Wed | Jul 17, 2019

Tall Tee Foundation gives back to the community

Published:Thursday | January 10, 2019 | 12:00 AMPaul H. Williams/Gleaner Writer
The recipients of the Tall Tee Sports Foundation Exceptional Academic Achievement Awards, and their presenters. Back from left: Marques Henry, Norvaldo Robert and Richard Cole. Front from left: Karisa Prince, Giovanna McLeary (presenter), Chardae Nugent, Deshanti Waul, Sashianna Spence, Tanique Dunn, Jhada Ricgards (presenter), and Shawntia Daley.
Raymond 'Tall Tee' Smith of the Tall Tee Sports Foundation addresses the audience.
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At Tapioca Village, Devon Pen, St Mary, on Saturday, December 29, for the third consecutive year Tall Tee Sports Foundation recognised and awarded former primary school students in southeast St Mary for their 'exceptional academic achievements'.

The selections were based mainly on their GSAT performances.

The awardees, who are now high-school students, are Corey Lawrence and Karisa Prince (formerly of Golden Valley Primary), Chardae Nugent and Marques Henry (formerly of Castleton Primary), Deshanti Waul and Norvaldo Roberts (formerly of Scott's Hall Primary), Sashianna Spence and Raheim Hines (formerly of Rock River Primary), Tanique Dunn and Damian Reid (formerly of Devon Pen Primary), and Shawntia Daley and Richard Cole (formerly of Mahoe Hill Primary).

Other awards given out for the night were the Carlton J. Smith Humanitarian Award to Oswald Ayer; the Man Dawg Excellence Award to Deshanti Waul, and the award for the top school in the region went to Scott's Hall Primary. In addition to the plaques, the recipients received cash awards and exercise books.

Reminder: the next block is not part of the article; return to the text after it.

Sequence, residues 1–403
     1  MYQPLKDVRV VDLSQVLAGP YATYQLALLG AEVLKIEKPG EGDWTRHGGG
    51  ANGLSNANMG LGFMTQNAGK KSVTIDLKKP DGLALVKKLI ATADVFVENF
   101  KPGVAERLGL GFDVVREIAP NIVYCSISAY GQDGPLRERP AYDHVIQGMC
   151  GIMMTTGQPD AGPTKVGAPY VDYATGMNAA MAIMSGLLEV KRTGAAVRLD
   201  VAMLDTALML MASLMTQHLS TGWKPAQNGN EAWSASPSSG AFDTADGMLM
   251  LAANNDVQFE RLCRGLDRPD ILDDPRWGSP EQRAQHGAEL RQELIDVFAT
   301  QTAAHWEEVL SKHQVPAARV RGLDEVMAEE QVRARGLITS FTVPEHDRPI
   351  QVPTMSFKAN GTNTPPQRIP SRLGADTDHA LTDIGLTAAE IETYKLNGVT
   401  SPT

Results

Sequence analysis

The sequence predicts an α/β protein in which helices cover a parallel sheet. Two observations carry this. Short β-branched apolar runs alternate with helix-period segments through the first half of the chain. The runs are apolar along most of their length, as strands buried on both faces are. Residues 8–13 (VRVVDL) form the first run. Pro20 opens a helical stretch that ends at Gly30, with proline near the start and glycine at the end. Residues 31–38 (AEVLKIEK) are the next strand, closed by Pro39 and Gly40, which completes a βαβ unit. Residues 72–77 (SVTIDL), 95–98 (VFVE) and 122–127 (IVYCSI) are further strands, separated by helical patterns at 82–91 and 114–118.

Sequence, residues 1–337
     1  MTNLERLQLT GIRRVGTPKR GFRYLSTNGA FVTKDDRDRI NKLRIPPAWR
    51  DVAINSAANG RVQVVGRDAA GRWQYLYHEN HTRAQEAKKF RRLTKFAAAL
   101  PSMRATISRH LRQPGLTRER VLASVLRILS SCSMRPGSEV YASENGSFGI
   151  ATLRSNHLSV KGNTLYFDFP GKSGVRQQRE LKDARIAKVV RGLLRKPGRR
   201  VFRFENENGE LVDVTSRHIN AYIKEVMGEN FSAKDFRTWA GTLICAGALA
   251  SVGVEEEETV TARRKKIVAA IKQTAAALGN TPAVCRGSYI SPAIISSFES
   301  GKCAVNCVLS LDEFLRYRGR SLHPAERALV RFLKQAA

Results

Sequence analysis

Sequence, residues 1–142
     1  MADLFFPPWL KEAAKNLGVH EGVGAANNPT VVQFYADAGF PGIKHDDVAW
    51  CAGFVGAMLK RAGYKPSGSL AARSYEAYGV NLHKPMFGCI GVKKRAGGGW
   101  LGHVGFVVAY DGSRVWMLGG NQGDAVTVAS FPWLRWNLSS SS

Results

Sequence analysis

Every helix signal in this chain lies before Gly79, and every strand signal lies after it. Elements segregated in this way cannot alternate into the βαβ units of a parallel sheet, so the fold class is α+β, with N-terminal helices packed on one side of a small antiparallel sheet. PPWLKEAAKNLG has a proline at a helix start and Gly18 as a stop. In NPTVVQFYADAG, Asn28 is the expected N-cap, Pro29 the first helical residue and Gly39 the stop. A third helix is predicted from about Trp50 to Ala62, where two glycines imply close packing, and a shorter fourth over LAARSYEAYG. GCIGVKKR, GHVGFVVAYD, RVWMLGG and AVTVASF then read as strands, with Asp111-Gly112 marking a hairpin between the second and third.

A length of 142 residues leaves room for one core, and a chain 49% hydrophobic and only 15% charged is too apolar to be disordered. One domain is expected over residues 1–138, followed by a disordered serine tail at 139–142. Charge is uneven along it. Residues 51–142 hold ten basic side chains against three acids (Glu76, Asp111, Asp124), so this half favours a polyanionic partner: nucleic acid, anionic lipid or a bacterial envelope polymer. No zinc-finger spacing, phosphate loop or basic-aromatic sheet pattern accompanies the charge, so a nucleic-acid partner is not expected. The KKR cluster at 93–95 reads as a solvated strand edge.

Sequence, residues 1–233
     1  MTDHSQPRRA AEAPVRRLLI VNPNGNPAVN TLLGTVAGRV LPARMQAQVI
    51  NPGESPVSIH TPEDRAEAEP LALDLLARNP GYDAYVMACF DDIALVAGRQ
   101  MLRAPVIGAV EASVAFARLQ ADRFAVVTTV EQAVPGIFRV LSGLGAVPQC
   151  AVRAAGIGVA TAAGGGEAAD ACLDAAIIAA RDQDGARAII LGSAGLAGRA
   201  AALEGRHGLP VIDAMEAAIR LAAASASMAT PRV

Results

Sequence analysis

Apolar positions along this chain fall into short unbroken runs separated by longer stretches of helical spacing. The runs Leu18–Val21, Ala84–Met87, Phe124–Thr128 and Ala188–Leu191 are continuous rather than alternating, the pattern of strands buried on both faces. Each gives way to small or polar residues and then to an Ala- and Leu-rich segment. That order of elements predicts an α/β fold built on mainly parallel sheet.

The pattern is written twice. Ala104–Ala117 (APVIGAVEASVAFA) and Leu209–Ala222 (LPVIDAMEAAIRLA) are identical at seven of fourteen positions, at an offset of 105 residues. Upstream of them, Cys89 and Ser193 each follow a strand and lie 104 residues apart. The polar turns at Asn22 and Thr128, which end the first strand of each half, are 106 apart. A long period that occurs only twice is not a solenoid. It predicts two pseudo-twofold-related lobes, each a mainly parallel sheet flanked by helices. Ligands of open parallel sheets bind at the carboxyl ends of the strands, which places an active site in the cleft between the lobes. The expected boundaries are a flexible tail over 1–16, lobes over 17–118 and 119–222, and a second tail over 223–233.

In their response, the students recognised the sponsors of their awards, and expressed appreciation for such. In his reply, Marques Henry, now a student at Titchfield High School in Port Antonio, Portland, said, among other things, "To be given this exceptional academic achievement award is a great honour and privilege ... . This has encouraged me to continue to work hard and do my best." Henry's award was sponsored by Gealie's West Indian Restaurant.

The event is the brainchild of Raymond 'Tall Tee' Smith, a United States resident who used to live in Castleton, one of the communities in the region. He said he and his friends "used to run the road in Castleton" until they decided to grow up and be responsible men. He got some opportunities through community efforts, he said, and thus it was his responsibility to give back to the community.

In his address to the gathering, Smith encouraged the recipients to reach for "higher heights". He implored the men in the audience to be careful of what they do and say in front their children, to show them respect, and to demonstrate maturity. Parents were advised to take part in their children's school affairs and give credit to the schools when their children do well.

 

'Help our own'

 

The great majority of the funds used to make the annual awards a reality is from private individuals living overseas, the main sponsors being Paul Levy and Joan Kelly. And so Smith has encouraged residents in the region to step up to the plate. He said, "As a people, we need to help each other, to help our own ... I am going to keep this programme going, and I am hoping and praying that someone will pick it up after I get weak."

Also addressing the gathering were Councillor Lenford Danvers of the Castleton division in St Mary; Peter Neil, one of the private sponsors, and master of ceremonies for the evening; Lieutenant Oshane Baugh, executive director of Keep Children Safe Organisation; and Cameka Campbell-Green, the keynote speaker.

In reference to the theme for the evening, 'It's time for greatness', Campbell-Green told the awardees, "Please remember that greatness is not measured by what a man or a woman accomplishes, but it is measured by obstacles that he or she overcomes to reach their goals."